One of the six known forms of actin, beta-actin, has been identified. Beta-actin, a non-muscle, cytoskeletal protein, is found in all cell types. It is involved in cell structure, motility, and integrity. Six different forms of actin are found in humans. Gamma and beta actin are both present in all cell types. All eukaryotic cells contain beta actins, which are cytoplasmic protein abundantly expressed.
The polymerization of G-actin (globular actin) results in a structural filament (F -actin), which is composed of two stranded Helixes. Actin antibodies are highly conserved proteins, are important for cell structure, motility and integrity. Beta-actin is found in all eukaryotic cell types and is often used as a loading control for protein detection assays such as Western Blotting.
Antibodies against beta-actin are a useful tool for studying the intracellular beta-actin distribution and dynamic aspects. Monoclonal anti-beta actin antibody can be used for the analysis of beta-actin expression in experimental cells using immunofluorescence or western blot.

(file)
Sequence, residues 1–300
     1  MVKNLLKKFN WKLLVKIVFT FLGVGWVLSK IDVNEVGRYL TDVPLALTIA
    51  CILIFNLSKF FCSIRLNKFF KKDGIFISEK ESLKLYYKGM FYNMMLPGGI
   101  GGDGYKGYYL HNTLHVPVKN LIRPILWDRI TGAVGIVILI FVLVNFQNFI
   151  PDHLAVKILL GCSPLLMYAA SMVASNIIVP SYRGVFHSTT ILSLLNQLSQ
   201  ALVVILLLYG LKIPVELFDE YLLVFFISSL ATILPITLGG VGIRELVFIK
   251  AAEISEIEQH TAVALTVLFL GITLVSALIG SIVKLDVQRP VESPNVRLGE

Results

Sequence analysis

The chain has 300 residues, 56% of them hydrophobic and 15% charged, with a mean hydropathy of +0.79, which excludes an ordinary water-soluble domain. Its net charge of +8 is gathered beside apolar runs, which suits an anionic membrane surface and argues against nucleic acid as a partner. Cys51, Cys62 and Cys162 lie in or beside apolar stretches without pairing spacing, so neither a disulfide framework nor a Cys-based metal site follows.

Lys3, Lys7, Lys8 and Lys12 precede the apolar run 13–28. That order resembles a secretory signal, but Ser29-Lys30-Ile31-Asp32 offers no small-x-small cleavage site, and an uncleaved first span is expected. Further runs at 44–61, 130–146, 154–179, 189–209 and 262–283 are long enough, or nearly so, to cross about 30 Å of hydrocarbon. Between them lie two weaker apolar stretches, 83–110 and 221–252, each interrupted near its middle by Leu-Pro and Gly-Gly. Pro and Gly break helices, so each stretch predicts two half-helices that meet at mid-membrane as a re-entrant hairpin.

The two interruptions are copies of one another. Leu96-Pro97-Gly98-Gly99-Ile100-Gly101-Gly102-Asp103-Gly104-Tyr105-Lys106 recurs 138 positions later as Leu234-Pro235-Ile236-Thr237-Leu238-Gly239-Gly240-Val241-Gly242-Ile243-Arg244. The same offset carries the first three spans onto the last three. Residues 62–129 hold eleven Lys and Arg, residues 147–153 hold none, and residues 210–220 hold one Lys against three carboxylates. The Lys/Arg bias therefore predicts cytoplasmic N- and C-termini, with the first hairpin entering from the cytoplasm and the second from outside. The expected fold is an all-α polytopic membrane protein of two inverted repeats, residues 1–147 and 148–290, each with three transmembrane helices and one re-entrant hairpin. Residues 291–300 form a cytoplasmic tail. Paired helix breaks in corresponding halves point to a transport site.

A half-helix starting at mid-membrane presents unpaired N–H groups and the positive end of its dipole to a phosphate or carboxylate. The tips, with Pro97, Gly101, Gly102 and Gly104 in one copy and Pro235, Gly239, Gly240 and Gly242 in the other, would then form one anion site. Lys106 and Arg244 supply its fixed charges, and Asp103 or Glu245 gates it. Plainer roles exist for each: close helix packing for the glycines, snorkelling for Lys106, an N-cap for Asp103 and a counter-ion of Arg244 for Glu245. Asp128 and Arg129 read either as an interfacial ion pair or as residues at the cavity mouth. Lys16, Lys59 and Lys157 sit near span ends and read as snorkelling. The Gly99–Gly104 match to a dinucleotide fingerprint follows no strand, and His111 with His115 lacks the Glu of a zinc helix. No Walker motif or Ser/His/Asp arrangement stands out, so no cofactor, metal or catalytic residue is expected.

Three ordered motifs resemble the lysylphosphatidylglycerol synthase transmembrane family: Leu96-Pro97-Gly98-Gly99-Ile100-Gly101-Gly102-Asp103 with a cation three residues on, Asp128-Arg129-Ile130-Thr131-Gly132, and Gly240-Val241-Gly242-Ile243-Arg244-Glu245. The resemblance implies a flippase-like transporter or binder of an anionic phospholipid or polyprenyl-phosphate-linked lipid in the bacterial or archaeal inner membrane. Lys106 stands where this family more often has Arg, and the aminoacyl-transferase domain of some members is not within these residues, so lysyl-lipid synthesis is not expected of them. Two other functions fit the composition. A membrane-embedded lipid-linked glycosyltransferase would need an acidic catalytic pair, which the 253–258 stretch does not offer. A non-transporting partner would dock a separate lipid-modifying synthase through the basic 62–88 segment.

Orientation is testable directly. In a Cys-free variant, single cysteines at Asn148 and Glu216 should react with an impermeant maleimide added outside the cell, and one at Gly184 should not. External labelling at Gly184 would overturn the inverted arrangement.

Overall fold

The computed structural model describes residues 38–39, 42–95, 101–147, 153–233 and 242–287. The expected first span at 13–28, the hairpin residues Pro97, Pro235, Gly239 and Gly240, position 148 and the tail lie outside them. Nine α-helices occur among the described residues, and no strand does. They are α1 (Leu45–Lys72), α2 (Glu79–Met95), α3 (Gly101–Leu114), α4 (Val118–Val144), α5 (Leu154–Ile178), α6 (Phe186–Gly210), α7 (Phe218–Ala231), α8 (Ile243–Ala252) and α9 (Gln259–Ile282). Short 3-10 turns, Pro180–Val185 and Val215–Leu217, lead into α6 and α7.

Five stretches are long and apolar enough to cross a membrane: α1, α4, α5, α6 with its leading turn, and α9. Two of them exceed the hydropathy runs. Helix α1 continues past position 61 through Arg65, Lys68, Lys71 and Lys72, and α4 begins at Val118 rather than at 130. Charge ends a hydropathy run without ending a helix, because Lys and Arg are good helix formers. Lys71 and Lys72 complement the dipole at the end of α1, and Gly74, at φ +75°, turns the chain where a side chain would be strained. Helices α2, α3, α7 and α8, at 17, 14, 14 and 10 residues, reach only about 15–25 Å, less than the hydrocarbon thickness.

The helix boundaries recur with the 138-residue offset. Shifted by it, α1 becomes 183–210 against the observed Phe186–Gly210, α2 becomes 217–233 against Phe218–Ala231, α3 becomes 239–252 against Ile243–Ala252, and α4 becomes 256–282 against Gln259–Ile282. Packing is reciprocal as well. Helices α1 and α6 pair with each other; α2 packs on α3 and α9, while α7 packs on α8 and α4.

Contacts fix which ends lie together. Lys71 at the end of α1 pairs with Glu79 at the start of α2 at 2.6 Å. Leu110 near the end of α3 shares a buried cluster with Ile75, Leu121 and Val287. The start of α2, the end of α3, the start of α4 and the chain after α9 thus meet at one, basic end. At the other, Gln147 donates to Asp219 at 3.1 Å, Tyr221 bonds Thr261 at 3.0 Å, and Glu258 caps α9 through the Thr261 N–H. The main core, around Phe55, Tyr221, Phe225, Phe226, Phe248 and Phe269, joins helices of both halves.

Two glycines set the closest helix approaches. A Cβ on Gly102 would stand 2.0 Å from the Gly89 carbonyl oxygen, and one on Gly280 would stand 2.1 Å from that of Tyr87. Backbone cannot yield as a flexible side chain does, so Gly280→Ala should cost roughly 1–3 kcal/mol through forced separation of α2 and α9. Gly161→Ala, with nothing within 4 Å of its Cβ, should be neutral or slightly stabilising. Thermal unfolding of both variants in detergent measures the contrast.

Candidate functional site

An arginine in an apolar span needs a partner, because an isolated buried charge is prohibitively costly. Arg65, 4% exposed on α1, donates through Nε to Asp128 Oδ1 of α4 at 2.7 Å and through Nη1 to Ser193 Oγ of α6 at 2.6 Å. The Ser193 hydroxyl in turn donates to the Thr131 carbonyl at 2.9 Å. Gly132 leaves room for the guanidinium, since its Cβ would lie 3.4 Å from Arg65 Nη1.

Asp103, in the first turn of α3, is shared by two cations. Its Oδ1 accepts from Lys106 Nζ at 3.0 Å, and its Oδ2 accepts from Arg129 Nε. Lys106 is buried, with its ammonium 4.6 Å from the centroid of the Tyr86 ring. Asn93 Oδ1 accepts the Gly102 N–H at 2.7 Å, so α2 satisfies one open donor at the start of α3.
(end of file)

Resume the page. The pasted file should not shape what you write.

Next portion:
The antibody specifically recognizes beta-actin in a wide variety of tissues and species using immunoblotting, immunofluorescent staining of cultured cell lines, and immunohistochemistry. The antibody recognizes an epitope that is insensitive to formalin-fixation or paraffin-embedding. You can also use Bouin's solutions, B5, methacarn or Ethanol as fixatives.
ACTB (actin b), gene codes for b-actin. It is a cytoskeletal housekeeping protein. It can be found in the cytoplasm. This gene can be found on the human chromosome 7p22.1. Recognizes an epitope at the N-terminal of the b -isoform actin. It labels b-actin in a variety of tissues and species. The antibody is used to label the dense bodies and longitudinal channels that link consecutive dense bodies.